I just made one of these organza bugnets after watching that video. I like it! The fabric is strong and it will definitely keep out any bug. The only downside is that reduces the breeze fairly significantly. But for $10 in material I can't complain. I haven't added any shockcord to mine because I don't have any but I think it would work well without it. Here is a picture
When I was first researching hammocks to buy, I remember reading posts where people said that you get less bugs in your hammock with a bottom-entry Hennessy hammock. Well, that argument didn't sell me 'cause it sounded illogical.
However, having used a bottom-entry bugnet for a while, I think there may be some truth to it. Since mosquitoes love me so much, I fully expected them to just fly in from the bottom opening. It's impossible to cinch that shock cord to create a skeeter barrier like a zipped bugnet.
It seems that mosquitoes just can't figure out how to fly down, then up to get at their meal. When I get in my bottom-entry bugnet, the skeeters never enter with me, and they can never get at me, even though they should be able to figure it out.
Maybe they're not that smart. Maybe mosquitoes are used to getting their meals by flying down, or sideways, but up is just not in their genetics. I'm not saying they won't evolve one day.
Take the nuthatch, for example. When I first started bird-watching, I saw a nuthatch going down the trunk of the tree and I thought, "Gee, that's a pretty rare behavior." A little research and I learned it's the only bird that has figured out how to walk down a tree to search for grubs, insects, etc.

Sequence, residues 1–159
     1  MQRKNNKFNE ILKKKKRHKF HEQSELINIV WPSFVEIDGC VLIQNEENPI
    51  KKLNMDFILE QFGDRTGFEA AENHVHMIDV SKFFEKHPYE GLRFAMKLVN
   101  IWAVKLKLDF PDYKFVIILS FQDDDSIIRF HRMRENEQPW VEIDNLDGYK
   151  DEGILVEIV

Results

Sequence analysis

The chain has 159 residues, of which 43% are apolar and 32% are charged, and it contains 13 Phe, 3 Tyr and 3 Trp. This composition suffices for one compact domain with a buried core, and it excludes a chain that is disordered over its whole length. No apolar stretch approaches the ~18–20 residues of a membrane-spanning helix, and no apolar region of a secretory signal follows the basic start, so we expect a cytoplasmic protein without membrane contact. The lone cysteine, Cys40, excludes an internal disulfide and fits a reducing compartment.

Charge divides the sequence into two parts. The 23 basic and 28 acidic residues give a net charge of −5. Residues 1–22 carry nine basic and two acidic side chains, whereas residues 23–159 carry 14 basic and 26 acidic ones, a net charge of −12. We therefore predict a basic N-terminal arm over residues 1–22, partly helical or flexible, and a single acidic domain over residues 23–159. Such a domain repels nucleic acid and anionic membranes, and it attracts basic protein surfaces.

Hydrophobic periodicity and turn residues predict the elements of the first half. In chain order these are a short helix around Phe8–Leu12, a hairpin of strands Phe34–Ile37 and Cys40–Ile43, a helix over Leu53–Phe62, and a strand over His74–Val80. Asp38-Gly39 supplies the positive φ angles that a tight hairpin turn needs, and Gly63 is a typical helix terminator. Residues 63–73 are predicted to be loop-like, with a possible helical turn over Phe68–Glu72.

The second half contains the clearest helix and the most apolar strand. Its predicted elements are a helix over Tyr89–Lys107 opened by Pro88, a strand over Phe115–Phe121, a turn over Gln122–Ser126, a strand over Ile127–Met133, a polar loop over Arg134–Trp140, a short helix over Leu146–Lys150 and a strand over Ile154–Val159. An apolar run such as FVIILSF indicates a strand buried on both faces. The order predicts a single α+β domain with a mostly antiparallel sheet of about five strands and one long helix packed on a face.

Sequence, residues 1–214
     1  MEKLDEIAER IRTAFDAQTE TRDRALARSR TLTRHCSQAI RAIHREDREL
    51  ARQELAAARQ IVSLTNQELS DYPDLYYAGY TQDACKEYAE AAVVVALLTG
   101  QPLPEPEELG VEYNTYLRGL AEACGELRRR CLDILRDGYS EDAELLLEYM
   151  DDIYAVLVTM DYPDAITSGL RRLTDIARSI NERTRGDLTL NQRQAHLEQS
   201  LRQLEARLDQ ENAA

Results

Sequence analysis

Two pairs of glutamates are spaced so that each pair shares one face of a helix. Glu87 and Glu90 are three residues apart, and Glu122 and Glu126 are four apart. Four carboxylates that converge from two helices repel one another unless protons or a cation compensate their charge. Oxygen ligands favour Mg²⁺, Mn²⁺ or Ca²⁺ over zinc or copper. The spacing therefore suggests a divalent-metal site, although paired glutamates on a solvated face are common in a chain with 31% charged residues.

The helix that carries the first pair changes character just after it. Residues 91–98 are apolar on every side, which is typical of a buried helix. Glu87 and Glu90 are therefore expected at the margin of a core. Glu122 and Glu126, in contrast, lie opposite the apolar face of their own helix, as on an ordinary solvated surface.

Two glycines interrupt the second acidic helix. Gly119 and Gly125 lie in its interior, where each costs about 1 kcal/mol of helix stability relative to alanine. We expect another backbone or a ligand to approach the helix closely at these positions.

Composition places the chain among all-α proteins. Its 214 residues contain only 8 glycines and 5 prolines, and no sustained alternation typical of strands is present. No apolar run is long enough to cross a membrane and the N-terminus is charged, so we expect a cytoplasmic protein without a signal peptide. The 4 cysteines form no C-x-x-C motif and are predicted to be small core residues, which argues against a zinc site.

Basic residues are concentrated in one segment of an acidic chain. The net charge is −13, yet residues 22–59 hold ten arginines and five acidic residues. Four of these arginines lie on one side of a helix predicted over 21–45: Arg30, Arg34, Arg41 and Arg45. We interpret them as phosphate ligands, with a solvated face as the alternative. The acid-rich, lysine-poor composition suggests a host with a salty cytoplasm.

All other birds search for food by going up the tree. And because they're staring up, they frequently miss food that only the nuthatch can see because he's moving in the opposite direction looking down.
I'd be interested to know how an uncinched bugnet works for you. Like I said, I'm not trying it 'cause skeeters love me, and I'm one of those people who involuntarily scratch the heck out of the bites. I don't even know I'm doing it.
I don't cinch mine tight...just enough to make it bunch up a bit. Set it and leave it.
The thing is, the net makes a pretty good seal around the perimeter of the hammock, and the cinch cord mostly serves to keep the net down and in place. I don't think that opening is an issue.
I'm a big fan of treating nets with permethrin. It's not advertised as such, but it creates a bit of a no-fly zone around the hammock. This allows me to use 200 mesh netting, which is pretty big, and allows for good ventilation.
It may not be rocket science, but it's still science.
I'm going to make one of the Cricket polyester versions just to compare.
Really like the Fronkey rig. Was able to put my raincoat & pants in the bottom where it was mostly cinched up. Only mozzies I saw were a couple trapped in the suspension hole. It was a little bunched up at the hammock, so they couldn't get in. Have gone to a tie cord there to close it off. 40's & 50's at night where I'm headed next.
Hoping that the fine mesh will retain a little warmth and be breathable for those cooler nights and sunrise AM's where it drops off a lot.
Edit: Made one. It's hotter than noseeum with much less air flow. Tough material for a rookie like me to sew. Had to do some touch-ups, but it works.
Tight fit on an 11 foot hammock. Will probably make another one with a few mods to my construction. Cut the 7" opening to 3" on the original assembly, but narrowed that to 1" after the first test hang.
Last edited by SnrMoment; 07-29-2012 at 10:38. Reason: Update
Love is blind. Marriage is an eye opener.